I’m honestly terrible speller. So every word people say I’m always like, what but defibrillator has I can’t even say it so I definitely can’t spell it. I’m like, is there an AR there’s over like, what’s happening?

Jemele Hill 49:15
No, no, it’s it’s crazy how certain words like you’re just blinded to and for the rest of your life. You’re just like, I can’t spit. Why do I not know how to spell conscience? I don’t know.

Traci Thomas 49:26
I can’t spell recommendation. And I can’t tell you how many times I have to spell it because I’m always giving a book recommendation and I’m like, Can’t tell you I couldn’t help. Okay, this is sort of like a sports the moment but not exactly. But you know, everyone in sports loves a ranking. What are the top five sports stories of your lifetime to you?

Oh, man. That’s crazy. All right. I’m gonna just go with what

comes to mind.

Jemele Hill 49:55
Yeah, you just go with Lebron James returning to Cleveland. Huh? Um, LeBron James going to Miami. You guys say that to? Gosh, I know that I’m gonna miss something so freakin obvious? Well, I mean, I would say that, you know, I put up in there, maybe like the start of the WNBA just because nobody ever imagined that there would be like a women’s professional women’s professional sports leagues generally have it done well. Michael Jordan retiring and unretiring with that was definitely a big one. You know, you could definitely put the OJ Simpson story in there. But I was like, is that a sports story? Yeah, I think Aaron Hernandez oh my gosh, yeah, so forgot about that.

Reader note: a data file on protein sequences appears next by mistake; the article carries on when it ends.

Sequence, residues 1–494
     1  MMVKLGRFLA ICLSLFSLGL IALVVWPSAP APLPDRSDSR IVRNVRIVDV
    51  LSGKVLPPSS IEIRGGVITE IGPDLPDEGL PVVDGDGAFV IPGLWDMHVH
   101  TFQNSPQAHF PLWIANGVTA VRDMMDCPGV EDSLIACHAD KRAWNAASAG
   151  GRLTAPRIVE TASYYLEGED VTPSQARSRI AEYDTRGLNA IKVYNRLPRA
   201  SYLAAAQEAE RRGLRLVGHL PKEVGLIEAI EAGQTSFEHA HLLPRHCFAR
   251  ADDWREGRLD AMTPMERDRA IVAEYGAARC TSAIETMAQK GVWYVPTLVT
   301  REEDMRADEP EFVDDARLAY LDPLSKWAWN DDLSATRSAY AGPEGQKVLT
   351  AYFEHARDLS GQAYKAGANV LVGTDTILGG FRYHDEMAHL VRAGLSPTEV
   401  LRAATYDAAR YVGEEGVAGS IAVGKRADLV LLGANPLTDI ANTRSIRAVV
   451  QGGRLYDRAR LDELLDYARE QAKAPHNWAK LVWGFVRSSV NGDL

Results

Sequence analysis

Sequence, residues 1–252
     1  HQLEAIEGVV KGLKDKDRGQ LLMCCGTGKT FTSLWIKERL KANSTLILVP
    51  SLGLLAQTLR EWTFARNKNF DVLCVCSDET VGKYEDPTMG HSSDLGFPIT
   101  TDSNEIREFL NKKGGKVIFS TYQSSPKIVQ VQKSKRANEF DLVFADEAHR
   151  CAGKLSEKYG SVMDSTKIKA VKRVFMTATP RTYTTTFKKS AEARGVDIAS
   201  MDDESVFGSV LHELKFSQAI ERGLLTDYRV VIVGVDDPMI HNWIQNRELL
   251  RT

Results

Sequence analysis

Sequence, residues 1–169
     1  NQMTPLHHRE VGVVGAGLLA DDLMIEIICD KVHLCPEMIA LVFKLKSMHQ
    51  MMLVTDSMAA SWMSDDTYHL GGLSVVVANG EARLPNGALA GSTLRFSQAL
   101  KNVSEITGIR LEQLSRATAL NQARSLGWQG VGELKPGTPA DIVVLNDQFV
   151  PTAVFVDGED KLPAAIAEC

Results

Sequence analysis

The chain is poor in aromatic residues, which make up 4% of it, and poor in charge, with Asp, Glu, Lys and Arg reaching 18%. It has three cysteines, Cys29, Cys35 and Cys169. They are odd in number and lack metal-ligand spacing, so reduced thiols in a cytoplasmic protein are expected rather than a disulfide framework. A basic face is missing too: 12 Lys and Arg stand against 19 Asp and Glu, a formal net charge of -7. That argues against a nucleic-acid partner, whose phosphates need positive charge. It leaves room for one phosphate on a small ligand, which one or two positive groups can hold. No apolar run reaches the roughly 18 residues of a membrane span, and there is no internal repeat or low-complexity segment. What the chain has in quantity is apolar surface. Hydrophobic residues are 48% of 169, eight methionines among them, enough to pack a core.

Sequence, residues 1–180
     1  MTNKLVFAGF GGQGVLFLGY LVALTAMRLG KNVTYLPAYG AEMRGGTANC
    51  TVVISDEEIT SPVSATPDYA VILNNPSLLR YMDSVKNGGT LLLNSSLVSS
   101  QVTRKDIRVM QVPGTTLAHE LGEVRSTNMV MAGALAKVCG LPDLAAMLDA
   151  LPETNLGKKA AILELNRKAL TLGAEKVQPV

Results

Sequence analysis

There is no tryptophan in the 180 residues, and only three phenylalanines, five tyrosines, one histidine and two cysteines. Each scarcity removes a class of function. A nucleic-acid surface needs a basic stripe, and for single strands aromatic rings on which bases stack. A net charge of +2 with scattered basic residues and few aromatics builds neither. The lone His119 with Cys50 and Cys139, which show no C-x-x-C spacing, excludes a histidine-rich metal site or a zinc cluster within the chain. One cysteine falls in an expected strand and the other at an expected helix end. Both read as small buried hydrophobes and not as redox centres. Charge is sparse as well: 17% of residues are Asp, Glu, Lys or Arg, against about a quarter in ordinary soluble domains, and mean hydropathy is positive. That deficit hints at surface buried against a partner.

Traci Thomas 50:45
Yeah. So huge. Oh, my God. Yeah,

Jemele Hill 50:48
it was. I mean, I was traveling. I was at ESPN, obviously, when that happened. And he’s from Bristol, where ESPN is located. So to see the cops and the media touches swirling around Bristol. Like, it was just so bizarre. But those are just some that kind of come to mind. And I hope people realize the question you asked, you said in my lifetime, yeah. So I said, I know there have been much bigger stories. But yeah, you know, like, but I wasn’t alive when Muhammad Ali decided not to go to the Vietnam War.

Traci Thomas 51:16
Right. Last few questions. One of them. I asked everyone also is for people who love your book uphill, what are some other books that you might recommend to them that are in conversation with your work?

Jemele Hill 51:26
I would say Viola Davis, his memoir, and it’s so very good. And I would encourage people to listen to the audiobook because he does it. Oh, it’s incredible.

Traci Thomas 51:37
Do you do your audiobook?

Jemele Hill 51:39
I did. I did my audiobook and

Traci Thomas 51:40
I want to read your book before it had come out. So I wanted to listen, but I might go back and listen.

Jemele Hill 51:45
Well, the the audiobook experience is very unique. And took me a few weeks to do it. Because there were some revisions and this and that, but it’s such a weird experience. Because if you hate the sound of your own voice as much as most people do, it’s it can be very, very grating. So I thought that the Viola’s book was quite good. Another one that I didn’t read this this year. I read it last year, I think it was was, yeah, Jesse’s homecoming. Yeah, she is just, Oh, man. Really? Just a gifted writer. Oh, that reminds me. Another book that I read. And I think it this I read this book before the Viola Davis memoir, night crawling. Like calling, Leila Motley. Like, I mean, Oakland in a house like I cannot believe that she actually wrote that at such a young age. That young woman is brilliant. I mean that, everybody, I’ve recommended that Book Two, has immediately hit me up and said thank you because it’s so powerful. So yeah, night crawling was definitely one.

Traci Thomas 53:07